Inflation: What We Think and Do in the Face of It

We all want to see our investments grow in value over time, aren’t we? When your balance grows and you feel more secure, it’s a terrific feeling to save and invest wisely. In order to really grasp the value of our possessions, we must go beyond the ledger lines. When we save money, our ultimate objective should be to keep and grow our buying power, and inflation may be a worry even when the markets are rising. In order to be ready for any economic situation, prudent financial planning takes inflation into consideration.

There has been a lot of talk about inflation lately, and it may be hard to tell how much of it is a hoax and how much of it is real. Despite the fact that inflation has grown by 5.4 percent over the last year, some amount of inflation is normal. Let’s take a closer look at what inflation is, how it affects our customers, and some tips for protecting your portfolio when inflation is high.

Definition: What is inflation, and how is it measured?

According to Investopedia, “the reduction in buying power of a particular currency over time” is the most fundamental definition of inflation. Despite the term “reduced buying power,” it is the rising cost of products and services that has the greatest impact on the average customer. The Consumer Price Index (CPI) published by the Bureau of Labor Statistics is a standard indicator of inflation (CPI). The average weighted cost of items is divided by the previous period’s cost in order to produce the Consumer Price Index (CPI).

Recent inflation has had a disproportionate impact in certain locations. Fuel and gasoline prices have risen by 43% and 42%, respectively, during the last year. The cost of pre-owned vehicles has also increased by 24%. If you look at core inflation, which is the CPI without food and energy, the 12-month rate falls to 4%, which is more in line with historical trends. According to a Reuters article, the Federal Reserve forecasts inflation to rise only temporarily, from 2.1% in 2022 to 2.2% in 2024. A table of 12-month percentage changes from the Bureau of Labor Statistics is available if you’d like additional information.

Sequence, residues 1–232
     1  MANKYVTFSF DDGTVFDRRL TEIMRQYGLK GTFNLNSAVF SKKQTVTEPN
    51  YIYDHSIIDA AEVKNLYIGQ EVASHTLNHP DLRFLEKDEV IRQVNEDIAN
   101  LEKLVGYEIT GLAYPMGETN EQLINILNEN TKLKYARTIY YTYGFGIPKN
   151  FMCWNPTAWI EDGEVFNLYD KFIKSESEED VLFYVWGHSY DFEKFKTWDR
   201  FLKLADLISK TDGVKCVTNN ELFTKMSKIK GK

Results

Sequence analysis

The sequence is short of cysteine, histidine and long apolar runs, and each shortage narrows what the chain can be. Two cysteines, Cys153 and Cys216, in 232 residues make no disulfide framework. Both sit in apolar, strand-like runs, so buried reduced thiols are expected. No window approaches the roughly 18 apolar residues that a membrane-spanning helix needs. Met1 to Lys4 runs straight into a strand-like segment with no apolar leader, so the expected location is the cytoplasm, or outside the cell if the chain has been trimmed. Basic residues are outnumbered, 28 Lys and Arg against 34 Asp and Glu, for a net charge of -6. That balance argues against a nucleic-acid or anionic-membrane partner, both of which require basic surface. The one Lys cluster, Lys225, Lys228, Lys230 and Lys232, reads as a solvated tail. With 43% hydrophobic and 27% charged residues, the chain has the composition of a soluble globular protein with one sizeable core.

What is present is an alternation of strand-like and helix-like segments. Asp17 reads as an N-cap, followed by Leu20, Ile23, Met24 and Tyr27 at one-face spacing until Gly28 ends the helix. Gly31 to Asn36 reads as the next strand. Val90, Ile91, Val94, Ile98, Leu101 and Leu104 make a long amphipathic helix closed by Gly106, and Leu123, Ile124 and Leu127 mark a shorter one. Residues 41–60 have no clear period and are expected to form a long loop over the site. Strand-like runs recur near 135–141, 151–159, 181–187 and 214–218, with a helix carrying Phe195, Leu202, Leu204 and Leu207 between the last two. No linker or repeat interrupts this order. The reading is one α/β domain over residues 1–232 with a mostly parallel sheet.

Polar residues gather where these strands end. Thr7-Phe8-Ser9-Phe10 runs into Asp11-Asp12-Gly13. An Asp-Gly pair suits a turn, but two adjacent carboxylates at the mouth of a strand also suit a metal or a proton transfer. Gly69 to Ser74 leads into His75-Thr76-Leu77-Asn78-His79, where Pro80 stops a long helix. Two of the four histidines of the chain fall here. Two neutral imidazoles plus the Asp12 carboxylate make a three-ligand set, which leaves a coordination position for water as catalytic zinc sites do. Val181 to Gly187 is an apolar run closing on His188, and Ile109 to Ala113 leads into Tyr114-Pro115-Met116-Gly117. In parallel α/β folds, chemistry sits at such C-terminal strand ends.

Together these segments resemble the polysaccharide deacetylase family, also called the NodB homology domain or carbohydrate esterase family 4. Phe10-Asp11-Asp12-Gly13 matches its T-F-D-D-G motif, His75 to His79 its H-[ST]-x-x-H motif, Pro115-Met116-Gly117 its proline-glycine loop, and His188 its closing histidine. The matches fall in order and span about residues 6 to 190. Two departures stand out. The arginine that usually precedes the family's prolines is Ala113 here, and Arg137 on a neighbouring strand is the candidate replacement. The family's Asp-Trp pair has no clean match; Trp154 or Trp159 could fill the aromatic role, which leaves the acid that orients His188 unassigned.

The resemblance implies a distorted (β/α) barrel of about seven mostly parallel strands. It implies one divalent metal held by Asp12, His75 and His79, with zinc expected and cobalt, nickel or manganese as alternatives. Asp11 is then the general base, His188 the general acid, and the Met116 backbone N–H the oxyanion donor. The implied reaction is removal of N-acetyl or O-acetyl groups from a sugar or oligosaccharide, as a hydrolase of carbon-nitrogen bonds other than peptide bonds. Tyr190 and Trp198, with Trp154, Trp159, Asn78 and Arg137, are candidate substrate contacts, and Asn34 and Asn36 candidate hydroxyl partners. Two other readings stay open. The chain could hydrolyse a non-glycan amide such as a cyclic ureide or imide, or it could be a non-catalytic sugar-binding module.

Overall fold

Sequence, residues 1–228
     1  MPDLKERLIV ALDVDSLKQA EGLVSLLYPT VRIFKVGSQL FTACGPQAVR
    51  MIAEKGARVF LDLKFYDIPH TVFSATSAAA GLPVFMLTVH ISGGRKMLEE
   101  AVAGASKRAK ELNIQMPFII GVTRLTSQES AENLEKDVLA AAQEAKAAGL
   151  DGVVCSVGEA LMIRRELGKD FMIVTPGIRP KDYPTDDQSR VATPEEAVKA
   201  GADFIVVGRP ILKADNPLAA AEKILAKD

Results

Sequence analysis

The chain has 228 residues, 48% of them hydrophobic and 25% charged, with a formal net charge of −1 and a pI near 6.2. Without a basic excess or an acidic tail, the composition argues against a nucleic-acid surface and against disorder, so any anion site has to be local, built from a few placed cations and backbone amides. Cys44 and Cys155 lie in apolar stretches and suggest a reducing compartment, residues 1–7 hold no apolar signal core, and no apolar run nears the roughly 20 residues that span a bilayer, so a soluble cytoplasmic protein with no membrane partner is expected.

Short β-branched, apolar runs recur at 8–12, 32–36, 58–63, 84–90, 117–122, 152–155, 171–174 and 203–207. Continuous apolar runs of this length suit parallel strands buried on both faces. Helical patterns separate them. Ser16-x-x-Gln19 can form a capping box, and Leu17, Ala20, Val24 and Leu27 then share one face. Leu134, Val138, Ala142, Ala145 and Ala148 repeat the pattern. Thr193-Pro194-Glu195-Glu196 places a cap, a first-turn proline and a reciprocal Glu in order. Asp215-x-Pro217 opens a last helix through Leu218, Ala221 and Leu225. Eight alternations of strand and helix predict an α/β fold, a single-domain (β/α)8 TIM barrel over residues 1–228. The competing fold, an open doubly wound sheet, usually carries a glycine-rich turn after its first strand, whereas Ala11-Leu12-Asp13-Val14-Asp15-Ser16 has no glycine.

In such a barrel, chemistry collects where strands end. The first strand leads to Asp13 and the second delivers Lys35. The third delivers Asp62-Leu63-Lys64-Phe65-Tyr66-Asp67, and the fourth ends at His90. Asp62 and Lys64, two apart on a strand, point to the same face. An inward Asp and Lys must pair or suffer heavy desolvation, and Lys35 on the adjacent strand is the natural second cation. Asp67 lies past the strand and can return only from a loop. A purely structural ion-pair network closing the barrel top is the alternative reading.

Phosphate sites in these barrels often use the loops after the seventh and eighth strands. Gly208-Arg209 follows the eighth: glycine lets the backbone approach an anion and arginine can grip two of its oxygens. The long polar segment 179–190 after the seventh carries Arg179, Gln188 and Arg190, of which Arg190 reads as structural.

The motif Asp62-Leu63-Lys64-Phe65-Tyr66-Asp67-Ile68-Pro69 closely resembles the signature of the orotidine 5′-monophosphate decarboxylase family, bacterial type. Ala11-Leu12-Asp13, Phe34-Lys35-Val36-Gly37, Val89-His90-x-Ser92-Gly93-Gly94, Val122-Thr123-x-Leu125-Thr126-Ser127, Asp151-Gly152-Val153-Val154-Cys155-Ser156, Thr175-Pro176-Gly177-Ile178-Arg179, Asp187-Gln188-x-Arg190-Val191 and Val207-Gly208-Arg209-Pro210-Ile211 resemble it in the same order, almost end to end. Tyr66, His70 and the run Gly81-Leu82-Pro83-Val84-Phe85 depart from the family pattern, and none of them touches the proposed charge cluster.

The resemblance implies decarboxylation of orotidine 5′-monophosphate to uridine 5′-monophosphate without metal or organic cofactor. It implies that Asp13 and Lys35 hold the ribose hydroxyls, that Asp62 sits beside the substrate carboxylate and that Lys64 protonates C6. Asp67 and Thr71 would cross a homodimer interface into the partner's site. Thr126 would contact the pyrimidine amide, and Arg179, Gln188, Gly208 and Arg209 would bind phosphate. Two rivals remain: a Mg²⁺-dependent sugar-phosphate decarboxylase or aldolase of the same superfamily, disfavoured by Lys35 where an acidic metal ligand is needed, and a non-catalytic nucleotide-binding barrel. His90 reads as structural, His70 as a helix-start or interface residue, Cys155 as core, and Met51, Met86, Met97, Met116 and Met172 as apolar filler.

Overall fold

What’s behind this year’s spike in inflation? Inflation may be caused by a combination of three factors: rising demand, reducing supply, and rising salaries and expenses owing to anticipation of future inflation. In addition to the COVID supply chain stoppage, we’re likely to see an uptick in demand as a result of the continuing immunisation campaign and the reopening of the economy.

What is it that has people so worried?

Fears about a rise in interest rates by the Federal Reserve are commonly cited as a cause of inflationary worries. As a result, the ensuing cooling may reduce consumer demand and lead to deflationary pressures. Is it possible that the Federal Reserve may raise interest rates in order to combat inflation? What will this entail for our investments? Short-term signs of increasing rates are controversial.

Long-term investors, on the other hand, discover that the stock market’s success and fluctuations in interest rates have nothing in common. Interest rates tend to cause a drop in bond values because older, lower-yielding bonds lose their allure to younger, higher-yielding ones. In order to decrease the vulnerability of the fixed income portfolio to changes in interest rates, we allocate a greater portion of our assets to short- and intermediate-term bonds.